Australia suffers deadliest pandemic day 

A total of 77 deaths from Covid-19 were recorded on Tuesday

Australia has recorded its deadliest ever day of the Covid-19 pandemic as the Omicron variant continues to put a strain on hospitals. Infections were slightly on the decline, however. 

The latest uptick has seen more Australians admitted to hospitals in the last few days than at any time during the previous two years of the pandemic. A total of 77 deaths were recorded on Tuesday, more than the previous national high of 57 last Thursday. 

However, the number of daily infections was lower compared to last week. About 73,000 new infections were reported on Tuesday, down from a high of 150,000 last Thursday.

“Today is a very difficult day for our state,” New South Wales (NSW) Premier Dominic Perrottet said in a media briefing after his state reported a record-high 36 deaths. 

Most of those who died on Tuesday had not received their booster shot, prompting the state health officials to encourage more Australians to urgently get vaccinated.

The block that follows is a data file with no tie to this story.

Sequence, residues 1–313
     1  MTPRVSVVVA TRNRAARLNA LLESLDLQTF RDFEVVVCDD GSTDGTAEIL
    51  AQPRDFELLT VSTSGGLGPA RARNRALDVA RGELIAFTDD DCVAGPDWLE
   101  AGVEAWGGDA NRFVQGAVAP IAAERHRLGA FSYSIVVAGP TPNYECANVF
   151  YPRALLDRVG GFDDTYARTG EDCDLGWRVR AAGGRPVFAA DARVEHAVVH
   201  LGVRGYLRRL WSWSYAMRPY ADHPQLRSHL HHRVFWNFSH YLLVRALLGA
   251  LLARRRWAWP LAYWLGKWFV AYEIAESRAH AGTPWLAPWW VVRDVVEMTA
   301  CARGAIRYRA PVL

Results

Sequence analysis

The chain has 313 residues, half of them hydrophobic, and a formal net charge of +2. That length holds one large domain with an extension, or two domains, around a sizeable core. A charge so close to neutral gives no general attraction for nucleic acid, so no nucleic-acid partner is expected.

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Meanwhile, the state of Victoria declared ‘code brown’ emergency measures, which allow staff to be redeployed to critical areas. It also allows hospitals to cancel or delay non-urgent clinic services.

The authorities have also activated a plan for private hospitals to divert more than 100,000 staff members and up to 57,000 nurses to Omicron-affected areas around the country, Health Minister Greg Hunt said.

The surging case numbers had a negative impact on consumer confidence and spending last week, as many Australians retreated to self-imposed lockdowns. A measure of consumer confidence dropped to its lowest since October 2020.

Prime Minister Scott Morrison’s ratings also took a hit amid the Omicron-driven surge, with a poll this week showing only 41% of Australians said he was doing a good job.

Australia has reported about 1.6 million infections since the pandemic began, of which around 1.3 million happened only in the last two weeks. The total death toll stands at 2,776.

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